Helm’s pick: “The idea of great art is problematic. Some books are formally conservative — Alice Munro’s books are dead-on realist story collections. Others seem to have found whole new forms: What’s Anne Carson’s The Autobiography of Red or Michael Ondaatje’s Coming Through Slaughter (both are usually called novels)? And how to compare books read in translation — Hubert Aquin’s Prochain épisode — from one of our so many languages? So much is subject to chance. Very likely the greatest book is still out there and I don’t yet know it, even as it already knows me. But my pick, today, anyway is The Selected Stories of Mavis Gallant.

Rogers Writers' Trust Fiction Prize 2016 Michael Helm

Caroline Adderson was nominated in 1999 for her debut novel, A History of Forgetting. Her most recent novel is Ellen In Pieces.

Adderson’s pick:The Selected Stories of Mavis Gallant is an astonishing volume containing close to nine hundred pages of perfect sentences —perfect! — arranged with elegance and wit, conveying worlds so richly imagined each story feels like a plunge into a particular time and place: Montreal in the ’30s and ’40s, post-war Europe, Paris in the ’80s.  But the astounding thing about Gallant is her invisible technique. Never do you feel she’s put something in for the sake of plot or characterization. The stories have no obvious structure. Somehow she’s just stuffed life between the covers and slammed the book hard. There it is, pressed onto every one of these pages, a miracle.”

Rogers Writers' Trust Fiction Prize 2016 Caroline AddersonPhoto, Erich Saide.

Emma Donoghue won the prize in 2010 for her novel Room, which was made into an Oscar-winning movie of the same name last year. Her most recent novel, The Wonder, was released this fall.

Donoghue’s pick: “Of all the Canadian books I binged on when I first moved here 18 years ago, Margaret Laurence’s The Stone Angel stands tall: cranky, magnificent Hagar Shipley’s last snatch at freedom is all of ours.”

Rogers Writers' Trust Fiction Prize 2016 Emma DonoghuePhoto, Punch Photographic.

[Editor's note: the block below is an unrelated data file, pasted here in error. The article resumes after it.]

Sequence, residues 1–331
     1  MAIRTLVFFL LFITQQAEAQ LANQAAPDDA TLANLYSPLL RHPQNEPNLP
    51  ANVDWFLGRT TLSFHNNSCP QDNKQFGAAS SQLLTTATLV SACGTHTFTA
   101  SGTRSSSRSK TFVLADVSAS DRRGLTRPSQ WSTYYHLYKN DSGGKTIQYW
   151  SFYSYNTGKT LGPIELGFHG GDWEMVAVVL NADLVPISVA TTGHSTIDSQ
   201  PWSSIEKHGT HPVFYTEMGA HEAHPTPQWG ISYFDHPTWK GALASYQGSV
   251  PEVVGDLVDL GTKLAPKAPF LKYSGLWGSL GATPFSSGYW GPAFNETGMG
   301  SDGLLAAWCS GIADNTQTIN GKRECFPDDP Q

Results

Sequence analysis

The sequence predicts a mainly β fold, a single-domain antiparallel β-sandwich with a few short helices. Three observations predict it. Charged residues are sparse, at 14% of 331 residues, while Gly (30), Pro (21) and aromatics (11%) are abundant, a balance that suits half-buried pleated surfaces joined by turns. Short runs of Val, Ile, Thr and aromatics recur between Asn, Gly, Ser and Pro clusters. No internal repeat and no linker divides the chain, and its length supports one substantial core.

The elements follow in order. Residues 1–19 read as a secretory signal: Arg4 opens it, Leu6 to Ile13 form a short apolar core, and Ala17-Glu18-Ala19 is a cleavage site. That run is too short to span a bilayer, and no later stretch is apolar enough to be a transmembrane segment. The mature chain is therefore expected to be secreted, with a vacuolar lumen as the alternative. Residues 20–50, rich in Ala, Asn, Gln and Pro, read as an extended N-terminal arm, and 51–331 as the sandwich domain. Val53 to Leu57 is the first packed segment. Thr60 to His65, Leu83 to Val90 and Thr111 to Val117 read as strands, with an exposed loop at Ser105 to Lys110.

Lee Henderson was nominated in 2008 for his debut novel, The Man Game.

Henderson’s pick(s): “It’s a tie between Marian Engel’s Bear and Robert Kroetsch’s The Studhorse Man because the prose is so perfect in both. Both novels are so cunning and so funny, both are about a hero with a magical and bizarre relationship to an animal, and both books seem so profoundly infused with all that is weird about being Canadian.”

The best Canadian fiction of all time as chosen by Canadian novelistsPhoto, Mia Cunningham.

Michael Christie is the author of the short story collection The Beggar’s Garden, for which he was nominated in 2011. His most recent book is a novel, If I Fall, If I Die.

Christie’s pick: “I’ve often made the case for The Wars by Timothy Findley, a short novel, nearly a novella, an efficiently and, I would argue, perfectly told story of the young Canadian officer named Robert Ross, who bears witness to the senseless horrors of the First World War, and manages to retain scraps of his humanity while simultaneously losing his mind. I read this book in high school, and it was the first time I realized that soldiers were all terrified of dying and that war is utterly inhumane. In a world mired in seemingly never-ending conflicts, The Wars reminds us that despite the nationalistic rhetoric of our politicians, war is a grim, unheroic business indeed.”

Rogers Writers' Trust Fiction Prize 2016 Michael Christie

Michael Crummey was nominated in 2005 for his novel The Wreckage. The recipient of the inaugural Writers’ Trust Fellowship, his most recent novel is Sweetland.

Crummey’s pick:
“It may be cheating to pick this, but for breadth and wit of story-telling, for flawless prose, for sheer, undeniable brilliance, nothing else Canada has produced outshines The Selected Stories of Mavis Gallant. It’s a lifetime’s work from one of the few world masters of the form.”